But the Holy Spirit in me was broken for this little boy. Jon was more scared than the average little boy his age, but not outrageously so. He was still little, elementary-school aged. I watched him try so hard to please his father. I watched him want to please his daddy when he said “son, I’ll be disappointed in you if you don’t do this” or “son, you have to be a man and do this.” I wanted to hug him when he cried to his dad and his dad responded mercilessly. Finally, Jon’s dad had to go to work and he let him jump off the side rather than the stand. When I caught him, he was covered in snot. The poor little boy had cried so hard that he literally had snot dripping from his nose to his belly button. Though my entire face was now slimed as he grasped onto me, my neck was stiff from looking at him, and my next swim class was half way over, I could not help but ache for this little boy that left the pool feeling like such a failure.
I’ll be the first to admit that I’m not a parent. Raising a godly man is a daunting task and I know Jon’s dad was working to train his child to trust God.
But oh how I hurt for the boy that tried to leap.
I can’t help but think that God celebrates all our leaps–even when we can only leap from the side, not the stand. I also can’t help but think that God catches us when we leap and does not care if we are covered in snot. After all, doesn’t every leap require some sort of shedding? Some sort of release and vulnerability? And doesn’t our worst self often come out during those tough moments?
Here are a few verses that convince me God does celebrate our leaps, our attempts, and always catches us with acceptance and joy:
In Luke 8:43-48, a woman was healed as a result of touching Jesus’ garment. I’m sure there was greater faith required in that action than we realize, but regardless she didn’t jump off a mountain. She merely touched his garment. Yet, Jesus said, “Daughter, your faith has made you well; go in peace” (verse 48, emphasis mine). Jesus commended the faith of her seemingly small action, her little leap, and Jesus called her “daughter.” To me, Him calling her daughter is a lot like being caught in the arms of the Savior after a leap, even a small one.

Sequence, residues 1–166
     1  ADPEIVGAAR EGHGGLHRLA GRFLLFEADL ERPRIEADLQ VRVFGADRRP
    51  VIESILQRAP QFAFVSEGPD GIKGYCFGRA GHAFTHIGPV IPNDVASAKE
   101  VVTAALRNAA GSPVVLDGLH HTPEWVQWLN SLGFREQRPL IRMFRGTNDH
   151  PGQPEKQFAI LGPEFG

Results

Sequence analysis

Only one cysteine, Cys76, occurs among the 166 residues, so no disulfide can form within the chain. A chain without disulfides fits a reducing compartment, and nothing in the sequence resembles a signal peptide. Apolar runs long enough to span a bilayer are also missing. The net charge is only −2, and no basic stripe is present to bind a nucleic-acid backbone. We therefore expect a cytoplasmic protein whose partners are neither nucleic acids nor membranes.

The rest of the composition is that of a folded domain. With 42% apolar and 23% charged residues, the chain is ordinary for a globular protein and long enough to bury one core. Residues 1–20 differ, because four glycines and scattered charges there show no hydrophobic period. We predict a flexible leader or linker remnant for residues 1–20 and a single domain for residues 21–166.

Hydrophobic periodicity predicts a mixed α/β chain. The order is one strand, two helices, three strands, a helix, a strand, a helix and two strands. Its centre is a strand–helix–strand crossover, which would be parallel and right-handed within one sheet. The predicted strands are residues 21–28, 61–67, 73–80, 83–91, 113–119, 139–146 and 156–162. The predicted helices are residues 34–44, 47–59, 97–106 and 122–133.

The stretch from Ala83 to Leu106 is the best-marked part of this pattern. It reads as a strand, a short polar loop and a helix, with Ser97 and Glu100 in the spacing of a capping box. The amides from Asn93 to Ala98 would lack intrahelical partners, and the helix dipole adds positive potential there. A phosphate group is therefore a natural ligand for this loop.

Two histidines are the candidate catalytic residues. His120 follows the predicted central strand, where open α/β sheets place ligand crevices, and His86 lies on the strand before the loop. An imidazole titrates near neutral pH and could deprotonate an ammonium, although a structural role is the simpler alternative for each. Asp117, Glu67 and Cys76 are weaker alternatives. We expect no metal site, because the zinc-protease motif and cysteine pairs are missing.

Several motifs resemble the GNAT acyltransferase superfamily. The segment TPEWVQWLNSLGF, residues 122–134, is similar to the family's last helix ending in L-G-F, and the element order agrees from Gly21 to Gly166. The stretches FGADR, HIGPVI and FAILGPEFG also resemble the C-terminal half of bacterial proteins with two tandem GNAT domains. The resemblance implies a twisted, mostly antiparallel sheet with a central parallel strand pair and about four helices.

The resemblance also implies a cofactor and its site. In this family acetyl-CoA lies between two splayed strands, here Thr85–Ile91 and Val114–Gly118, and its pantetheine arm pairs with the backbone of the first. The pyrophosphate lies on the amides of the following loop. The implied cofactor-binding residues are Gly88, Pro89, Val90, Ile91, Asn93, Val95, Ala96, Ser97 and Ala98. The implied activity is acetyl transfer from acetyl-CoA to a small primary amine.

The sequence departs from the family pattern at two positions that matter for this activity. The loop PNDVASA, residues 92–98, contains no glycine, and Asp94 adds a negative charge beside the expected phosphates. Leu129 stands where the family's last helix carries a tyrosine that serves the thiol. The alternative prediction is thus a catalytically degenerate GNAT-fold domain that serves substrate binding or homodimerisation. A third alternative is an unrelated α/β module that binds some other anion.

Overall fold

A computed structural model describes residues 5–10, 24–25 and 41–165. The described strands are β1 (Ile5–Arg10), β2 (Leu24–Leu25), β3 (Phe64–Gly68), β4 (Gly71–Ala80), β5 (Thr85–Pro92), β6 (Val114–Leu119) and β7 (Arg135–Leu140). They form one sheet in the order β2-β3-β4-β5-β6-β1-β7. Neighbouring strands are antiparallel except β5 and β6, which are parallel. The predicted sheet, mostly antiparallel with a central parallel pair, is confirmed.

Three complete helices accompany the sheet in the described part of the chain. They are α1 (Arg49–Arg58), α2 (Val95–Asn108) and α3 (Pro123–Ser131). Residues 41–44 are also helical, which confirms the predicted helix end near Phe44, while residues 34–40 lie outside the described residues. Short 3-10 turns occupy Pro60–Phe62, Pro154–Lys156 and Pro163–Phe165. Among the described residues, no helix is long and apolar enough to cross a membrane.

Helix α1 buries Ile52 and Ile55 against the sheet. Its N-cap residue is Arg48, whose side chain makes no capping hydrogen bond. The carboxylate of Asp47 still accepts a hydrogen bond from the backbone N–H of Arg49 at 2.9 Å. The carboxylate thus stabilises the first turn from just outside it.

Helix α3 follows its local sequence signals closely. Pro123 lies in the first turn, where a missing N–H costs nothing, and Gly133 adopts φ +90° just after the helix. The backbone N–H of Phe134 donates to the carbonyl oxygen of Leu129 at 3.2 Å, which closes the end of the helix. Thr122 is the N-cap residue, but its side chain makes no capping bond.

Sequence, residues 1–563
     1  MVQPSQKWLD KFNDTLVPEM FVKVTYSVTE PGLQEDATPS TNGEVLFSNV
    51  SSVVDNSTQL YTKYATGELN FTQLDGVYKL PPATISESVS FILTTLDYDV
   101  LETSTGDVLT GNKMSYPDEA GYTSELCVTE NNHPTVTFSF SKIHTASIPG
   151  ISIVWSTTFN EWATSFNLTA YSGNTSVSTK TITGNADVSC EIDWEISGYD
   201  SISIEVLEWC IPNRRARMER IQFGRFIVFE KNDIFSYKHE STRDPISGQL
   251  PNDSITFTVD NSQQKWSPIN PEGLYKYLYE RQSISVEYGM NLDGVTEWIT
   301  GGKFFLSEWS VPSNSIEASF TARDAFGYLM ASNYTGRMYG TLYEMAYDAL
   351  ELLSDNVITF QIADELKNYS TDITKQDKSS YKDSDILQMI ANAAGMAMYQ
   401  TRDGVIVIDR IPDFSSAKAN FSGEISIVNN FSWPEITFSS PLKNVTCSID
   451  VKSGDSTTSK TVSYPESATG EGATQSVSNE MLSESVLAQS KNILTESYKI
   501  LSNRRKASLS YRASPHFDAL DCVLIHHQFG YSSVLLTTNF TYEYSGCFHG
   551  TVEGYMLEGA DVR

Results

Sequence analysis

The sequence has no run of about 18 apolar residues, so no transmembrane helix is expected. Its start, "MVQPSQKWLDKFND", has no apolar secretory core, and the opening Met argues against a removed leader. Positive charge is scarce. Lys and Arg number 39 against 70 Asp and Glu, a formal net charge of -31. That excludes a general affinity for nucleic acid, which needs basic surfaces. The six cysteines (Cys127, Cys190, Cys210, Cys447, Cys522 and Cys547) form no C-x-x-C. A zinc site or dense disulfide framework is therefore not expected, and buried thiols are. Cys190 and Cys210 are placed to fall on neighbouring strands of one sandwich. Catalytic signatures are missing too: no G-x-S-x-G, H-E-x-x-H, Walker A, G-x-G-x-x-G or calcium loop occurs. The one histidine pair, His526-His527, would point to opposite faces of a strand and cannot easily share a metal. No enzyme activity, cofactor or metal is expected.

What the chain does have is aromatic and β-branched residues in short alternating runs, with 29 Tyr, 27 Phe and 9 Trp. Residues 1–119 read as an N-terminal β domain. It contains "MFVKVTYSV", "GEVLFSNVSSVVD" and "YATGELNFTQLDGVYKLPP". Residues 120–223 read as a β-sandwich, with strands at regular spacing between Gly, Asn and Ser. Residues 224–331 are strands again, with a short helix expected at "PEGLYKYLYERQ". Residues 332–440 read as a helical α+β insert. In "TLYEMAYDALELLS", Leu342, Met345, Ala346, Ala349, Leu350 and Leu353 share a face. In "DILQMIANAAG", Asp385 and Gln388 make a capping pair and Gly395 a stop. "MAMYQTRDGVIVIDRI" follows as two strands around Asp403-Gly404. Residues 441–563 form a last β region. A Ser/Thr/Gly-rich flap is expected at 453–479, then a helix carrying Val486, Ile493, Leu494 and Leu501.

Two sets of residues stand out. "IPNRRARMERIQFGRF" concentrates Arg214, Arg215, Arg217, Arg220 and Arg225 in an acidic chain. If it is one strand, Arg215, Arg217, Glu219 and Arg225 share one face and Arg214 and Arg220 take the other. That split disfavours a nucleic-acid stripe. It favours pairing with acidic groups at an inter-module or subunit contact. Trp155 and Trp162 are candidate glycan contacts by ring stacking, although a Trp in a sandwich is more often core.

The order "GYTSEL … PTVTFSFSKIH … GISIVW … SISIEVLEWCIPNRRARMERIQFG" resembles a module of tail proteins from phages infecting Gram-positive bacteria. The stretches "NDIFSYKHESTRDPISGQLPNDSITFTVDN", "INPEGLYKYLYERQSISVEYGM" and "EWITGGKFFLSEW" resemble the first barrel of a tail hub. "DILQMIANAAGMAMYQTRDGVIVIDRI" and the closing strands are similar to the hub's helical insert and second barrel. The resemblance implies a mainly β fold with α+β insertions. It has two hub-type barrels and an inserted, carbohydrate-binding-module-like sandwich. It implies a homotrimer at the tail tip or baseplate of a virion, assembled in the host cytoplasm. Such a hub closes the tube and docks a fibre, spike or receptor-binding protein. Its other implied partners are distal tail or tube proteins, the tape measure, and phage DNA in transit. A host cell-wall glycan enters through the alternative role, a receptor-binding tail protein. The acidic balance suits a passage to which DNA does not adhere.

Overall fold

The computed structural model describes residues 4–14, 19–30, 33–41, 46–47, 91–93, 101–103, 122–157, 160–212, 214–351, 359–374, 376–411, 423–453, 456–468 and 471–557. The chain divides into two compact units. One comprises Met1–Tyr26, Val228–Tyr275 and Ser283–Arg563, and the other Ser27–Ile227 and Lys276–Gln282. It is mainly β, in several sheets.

This same faith healing encounter happens over and over again in the Gospels. Zacchaeus, the Centurion, and so many others experienced these precious moments with the Messiah.
Jesus even said in Matthew 17:20, “For truly, I say to you, if you have faith like a grain of mustard seed,you will say to this mountain, ‘Move from here to there,’ and it will move, and nothing will be impossible for you” (ESV). God doesn’t require big faith to move mountains, He requires faith the size of a mustard seed.
Finally, Hebrews 11 celebrates great faith…that is surprisingly small. Although the Bible celebrates this amazing group as people of great faith, what makes them people of great faith is what God did through them. They did believe and they did take leaps, but they also often failed to jump off the stand, questioned God, and tried to go the easy way. They fell short. Instead of writing them off, God used them to do amazing things and even celebrated their faith.
Faith is not my strong point. I will still always resort back to be the little girl worrying about what could go wrong before I take a little leap. Though my flesh prevents me from catching or seeing like God (and my fatigue later in the day displayed that well), catching that little boy reminded me of how the Lord catches me. Snot and all. Without great faith. I’m humbled God let me catch Jon that day and I’m humbled the Lord still uses me and my little leaps.